Don’t forget your holiday reading prescription
I went to a party on Friday night and was in great demand. Flattering, but normal this time of year, when people get the chance to do some full-on reading – not just the snatched 10 pages before sleep kicks in of the rest of the year.
Two friends with different reading needs were both after the books that they would feel repaid the effort of a week’s holiday. There’s nothing more dispiriting than having spent good money and alloted good time, only to be fed up by page 20.
But what suits one person won’t suit another. My ability to remember titles and authors was a little fuzzy after a few glasses of wine, so I spent a good twenty minutes waving crossly and randomly in the air – trying to recall just the right book.
Given all that effort, I thought I’d share it with a few more readers in case anyone else was looking for the perfect reading prescription. Feel free to ask for your own personalised version!
So for the author – working on a final draft of her second novel, and wanting to think about feelings of disconnection and being a foreigner – I’ve prescribed:
THE HARE WITH THE AMBER EYES by Edmund de Waal – a non-fiction look at the author’s family history through a collection of rare Japanese netsuke. His website shows some of the collection and an illustrated version is coming soon. His family were wealthy, living in Eastern Europe but Jewish, and there is that powerful sense of both being part of your local culture and estranged from it, a beautifully written memoir and history.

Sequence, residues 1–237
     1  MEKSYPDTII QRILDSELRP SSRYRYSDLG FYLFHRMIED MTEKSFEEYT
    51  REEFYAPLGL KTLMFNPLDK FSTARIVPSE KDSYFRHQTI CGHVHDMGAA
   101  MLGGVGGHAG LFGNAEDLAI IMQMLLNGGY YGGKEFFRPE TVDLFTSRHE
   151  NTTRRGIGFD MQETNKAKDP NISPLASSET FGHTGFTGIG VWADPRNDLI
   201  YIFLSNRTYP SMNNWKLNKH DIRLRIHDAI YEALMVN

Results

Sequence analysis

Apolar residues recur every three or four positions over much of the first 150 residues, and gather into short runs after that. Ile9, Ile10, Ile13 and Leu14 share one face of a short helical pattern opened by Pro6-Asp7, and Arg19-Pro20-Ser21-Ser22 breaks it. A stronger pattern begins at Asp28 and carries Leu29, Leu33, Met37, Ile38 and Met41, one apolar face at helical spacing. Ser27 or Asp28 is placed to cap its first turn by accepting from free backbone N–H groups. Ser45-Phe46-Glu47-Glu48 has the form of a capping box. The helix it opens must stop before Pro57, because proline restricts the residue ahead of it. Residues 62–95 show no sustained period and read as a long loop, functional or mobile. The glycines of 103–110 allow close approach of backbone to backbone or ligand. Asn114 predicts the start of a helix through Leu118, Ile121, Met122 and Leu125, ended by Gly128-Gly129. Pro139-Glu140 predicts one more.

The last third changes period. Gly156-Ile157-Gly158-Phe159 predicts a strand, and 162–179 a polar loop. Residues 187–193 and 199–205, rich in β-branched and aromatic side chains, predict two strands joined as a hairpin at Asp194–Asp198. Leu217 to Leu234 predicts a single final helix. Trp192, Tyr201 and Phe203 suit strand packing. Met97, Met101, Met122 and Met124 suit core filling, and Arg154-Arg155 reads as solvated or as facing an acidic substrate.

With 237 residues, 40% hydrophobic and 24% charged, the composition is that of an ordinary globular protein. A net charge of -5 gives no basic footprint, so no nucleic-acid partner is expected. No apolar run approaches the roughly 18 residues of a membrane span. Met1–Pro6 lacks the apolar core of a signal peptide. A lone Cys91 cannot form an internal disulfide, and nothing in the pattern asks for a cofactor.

THE WHITE LIE by Andrea Gillies – a debut with echoes of THE IN-BETWEENER, the novel hinges on two traumatic events in the same reclusive family – and is narrated by a (probably) dead protaganist. Dark and layered, this examines what a family consider to be truth – and how events pass into family history.
And for her husband, who, we established, likes beautifully written literary works with a decent framework, I told him to persevere with FREEDOM by Johnathan Franzen (he’d tried a few pages and not really got anywhere), continue his bleak American phase by finally reading THE SHIPPING NEWS by Annie E Proulx – and to try PURE by Andrew Miller – a strong and powerful novel that won the Costa prize last year – set in France – and showing some delicate underpinning of relationships and politics in the 18th century – reminiscent of PERFUME by Patrick Suskind.
What do you want to read on your holiday? Let me help you!
PS my family would like me to inform you that my handwriting also qualifies me to write prescriptions…
August 8, 2012